Bios & Statements - The Word
with Heather René Dunaway

Written by: Heather Dunaway
February 2024

So, I’m over here in my office at the Arts Council getting together my PowerPoint presentation for my upcoming Creative Conversation talk on writing artist biographies and statements. This is a subject I’ve always felt that our local artists could use a little basics course in. As someone who has written them for herself, proof read over my friends, and combed through them in applications I get for our two galleries, I can say with certainty it is necessary to know how to write them well. Or, at least, well enough.


In my presentation I will give tips on what to include, a standard outline for biographies, and some examples, but I am most excited to do some in person critiques with the group. Feedback is so important. Not only will the creatives who attend get some much needed constructive criticism of their own writings, but they will get the chance to stretch those critique muscles themselves. I always found critiques in college useful as it taught me how to look more critically at my own work. Stepping back and taking a break before analyzing your writing or work before hitting that submit button is a game changer.


I think one of the most common faux pas I see in artist bios is everyone pointing out that they have been “making art their whole life.” It’s a mistake I made when I first started writing my biographies, until I had someone point out to me that what I made when I was six is not the same thing as what I am making as an adult. Six-year-old me could not compete with thirty-three-year-old me when it comes to drawing a cat. I’d wipe the floor with her.

If you want people to take your adult work seriously, you yourself can’t take the work of the artistically inclined six-year-old version of yourself seriously. You don’t show that work in your portfolio, so why include it in your bio? Now, if you were writing an autobiography about your life and love of art, sure, include what little you really loved about being creative and how you evolved over the years. If you are applying to a show, it’s not something that stands out to curators. Unless its relevant to what you making, they really only want to know what you are up to now.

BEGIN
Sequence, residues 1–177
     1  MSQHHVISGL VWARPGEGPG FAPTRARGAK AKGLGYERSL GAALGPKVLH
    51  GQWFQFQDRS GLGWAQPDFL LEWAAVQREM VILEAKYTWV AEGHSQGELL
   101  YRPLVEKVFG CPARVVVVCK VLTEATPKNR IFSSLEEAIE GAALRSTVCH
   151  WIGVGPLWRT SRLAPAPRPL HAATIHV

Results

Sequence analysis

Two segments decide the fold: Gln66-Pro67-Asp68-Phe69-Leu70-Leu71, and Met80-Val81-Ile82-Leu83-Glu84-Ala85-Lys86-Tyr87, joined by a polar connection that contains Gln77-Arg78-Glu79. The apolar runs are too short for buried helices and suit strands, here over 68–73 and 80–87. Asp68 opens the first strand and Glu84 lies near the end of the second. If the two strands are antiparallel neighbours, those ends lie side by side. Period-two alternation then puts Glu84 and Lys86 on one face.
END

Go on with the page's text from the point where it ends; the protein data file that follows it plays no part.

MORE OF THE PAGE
I think one of the main things to consider is the length of your bio or statement and where you plan to share it. If it’s going up on a website, social media, in a gallery or the back of your album label, it’s best kept short, sweet and to the point. No need for filler and fluff. Just be honest about you and your work. Usually, it’s also expected to be written in third person perspective. That way, whoever you are sharing it with can quickly add it to a press release without much editing.


Don’t forget to have it proofread before sending it off!


This is something I am trying myself to be better at in 2024. If you yourself are bad at proofreading, ask a friend or someone you trust to read through it for you. Or, read it outload to yourself – this is what I usually do.


Artist Statements, on the other hand, are less about your life and more about your art. It’s a first-person account of something you have created, along with what, why, how, when, who, where, etc. behind it.

Unlike a bio (which is usually 3-6 paragraphs) These are typically just one paragraph. The context of where the statement is displayed do play a big part. If it’s in an art museum or featured in a big article, you can get away with longer. Most times it’s put alongside your artwork or used as a quote, etc. In my Creative Conversation talk we are going to read over some really cool statements. It’s important to know how to talk about your work. You want to be able to have conversations with potential patrons / fans about something that is piquing their interest in your work. They want to see the art from the artists perspective. It will change the way they experience it. 


If you want to come to my Creative Conversation, just visit:


That’s the word,